Lithop is commonly called "Living Stones" or "flowering stones" because its shape, size and color causes Lithop to resemble small stones in their natural surroundings. The plants blend in among the stones as a means of protection. Grazing animals which would otherwise eat them during periods of drought to obtain moisture usually overlook it.The origin of Lithop is in South Africa where the plants receive less than 2 inches of rainfall per month throughout the entire year.
The "body" of the plant is divided into two succulent leaves fused together in the shape of an inverted cone. The fissure or slit at the top of the plant is the division of the two leaves. There is no stem as such, but rather the taproot joins abruptly at the base of the leaves.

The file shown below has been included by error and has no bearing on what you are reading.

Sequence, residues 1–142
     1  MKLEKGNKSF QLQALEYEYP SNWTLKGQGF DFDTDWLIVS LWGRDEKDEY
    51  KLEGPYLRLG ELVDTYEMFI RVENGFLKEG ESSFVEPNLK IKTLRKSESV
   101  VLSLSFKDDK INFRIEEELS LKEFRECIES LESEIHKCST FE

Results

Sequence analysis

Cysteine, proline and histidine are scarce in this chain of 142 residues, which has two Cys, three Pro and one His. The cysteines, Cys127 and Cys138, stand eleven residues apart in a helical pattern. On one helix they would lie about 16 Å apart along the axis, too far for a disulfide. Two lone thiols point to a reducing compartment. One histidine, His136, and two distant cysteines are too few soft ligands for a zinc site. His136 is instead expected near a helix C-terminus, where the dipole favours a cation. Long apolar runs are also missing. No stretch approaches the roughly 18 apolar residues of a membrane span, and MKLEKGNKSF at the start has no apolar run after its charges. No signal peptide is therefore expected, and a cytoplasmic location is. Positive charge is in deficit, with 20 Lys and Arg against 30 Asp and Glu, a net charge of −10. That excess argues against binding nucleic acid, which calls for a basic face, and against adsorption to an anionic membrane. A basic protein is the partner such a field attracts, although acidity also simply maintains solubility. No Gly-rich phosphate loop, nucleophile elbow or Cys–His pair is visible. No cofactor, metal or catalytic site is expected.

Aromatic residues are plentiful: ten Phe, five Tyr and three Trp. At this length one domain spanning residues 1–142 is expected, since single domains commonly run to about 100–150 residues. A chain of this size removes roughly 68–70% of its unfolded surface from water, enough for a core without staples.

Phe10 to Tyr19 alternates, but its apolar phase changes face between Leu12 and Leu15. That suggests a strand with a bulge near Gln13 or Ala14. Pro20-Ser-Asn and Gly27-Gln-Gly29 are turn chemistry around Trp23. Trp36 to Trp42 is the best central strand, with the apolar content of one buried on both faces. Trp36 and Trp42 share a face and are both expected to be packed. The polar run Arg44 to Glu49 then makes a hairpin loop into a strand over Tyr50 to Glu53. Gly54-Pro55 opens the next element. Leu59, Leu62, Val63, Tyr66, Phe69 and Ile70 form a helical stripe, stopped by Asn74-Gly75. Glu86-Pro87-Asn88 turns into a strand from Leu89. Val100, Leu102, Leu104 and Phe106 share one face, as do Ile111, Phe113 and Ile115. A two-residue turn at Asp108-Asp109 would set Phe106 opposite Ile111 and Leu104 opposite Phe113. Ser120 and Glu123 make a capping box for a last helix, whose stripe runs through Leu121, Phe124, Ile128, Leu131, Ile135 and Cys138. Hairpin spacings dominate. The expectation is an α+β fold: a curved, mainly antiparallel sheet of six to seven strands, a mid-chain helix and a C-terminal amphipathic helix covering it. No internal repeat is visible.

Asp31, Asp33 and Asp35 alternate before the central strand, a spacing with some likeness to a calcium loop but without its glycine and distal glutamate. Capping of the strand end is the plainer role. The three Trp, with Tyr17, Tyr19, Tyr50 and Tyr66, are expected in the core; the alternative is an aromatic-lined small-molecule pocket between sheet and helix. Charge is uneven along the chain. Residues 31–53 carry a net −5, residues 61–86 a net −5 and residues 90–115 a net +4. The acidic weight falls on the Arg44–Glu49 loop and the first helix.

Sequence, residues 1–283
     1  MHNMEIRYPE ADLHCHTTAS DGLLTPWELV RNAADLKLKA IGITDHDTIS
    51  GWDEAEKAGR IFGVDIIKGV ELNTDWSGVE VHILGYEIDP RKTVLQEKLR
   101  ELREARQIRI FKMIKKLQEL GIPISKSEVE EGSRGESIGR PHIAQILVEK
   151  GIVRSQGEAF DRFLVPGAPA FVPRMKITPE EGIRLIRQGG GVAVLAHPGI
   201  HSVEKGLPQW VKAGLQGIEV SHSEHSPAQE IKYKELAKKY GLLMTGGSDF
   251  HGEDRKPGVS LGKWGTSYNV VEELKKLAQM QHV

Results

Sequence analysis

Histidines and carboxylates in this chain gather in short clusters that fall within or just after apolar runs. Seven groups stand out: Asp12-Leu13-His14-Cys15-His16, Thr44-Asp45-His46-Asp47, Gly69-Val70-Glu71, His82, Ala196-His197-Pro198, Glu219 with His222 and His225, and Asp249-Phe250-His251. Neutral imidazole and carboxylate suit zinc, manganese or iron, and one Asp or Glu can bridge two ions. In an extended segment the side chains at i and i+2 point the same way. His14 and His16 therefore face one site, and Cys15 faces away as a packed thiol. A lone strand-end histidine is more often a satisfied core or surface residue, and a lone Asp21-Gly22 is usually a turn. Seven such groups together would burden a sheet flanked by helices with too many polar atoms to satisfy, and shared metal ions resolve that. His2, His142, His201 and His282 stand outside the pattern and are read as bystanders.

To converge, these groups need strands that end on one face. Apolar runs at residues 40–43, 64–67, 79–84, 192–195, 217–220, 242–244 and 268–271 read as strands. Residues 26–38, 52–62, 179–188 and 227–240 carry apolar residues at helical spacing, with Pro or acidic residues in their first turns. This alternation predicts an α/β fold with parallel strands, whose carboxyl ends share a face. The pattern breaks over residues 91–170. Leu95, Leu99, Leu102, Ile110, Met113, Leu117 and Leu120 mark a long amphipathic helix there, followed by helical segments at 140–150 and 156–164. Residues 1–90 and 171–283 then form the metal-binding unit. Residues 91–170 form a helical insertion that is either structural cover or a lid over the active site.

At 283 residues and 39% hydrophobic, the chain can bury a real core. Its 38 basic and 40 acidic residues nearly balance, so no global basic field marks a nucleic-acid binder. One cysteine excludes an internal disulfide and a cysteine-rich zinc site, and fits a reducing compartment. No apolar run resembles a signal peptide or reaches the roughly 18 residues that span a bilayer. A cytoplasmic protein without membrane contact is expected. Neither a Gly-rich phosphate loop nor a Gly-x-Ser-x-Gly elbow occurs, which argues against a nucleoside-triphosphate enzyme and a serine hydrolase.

Lithops do well if they receive about 4 or 5 hours of direct (or only slightly filtered) sunlight during the early part of the day, and partial shade during the afternoon.
he majority of lithops produce their flowers during autumn and early winter. They are daisy-like and yellow or white depending on variety. They first open during the afternoons of sunnier days.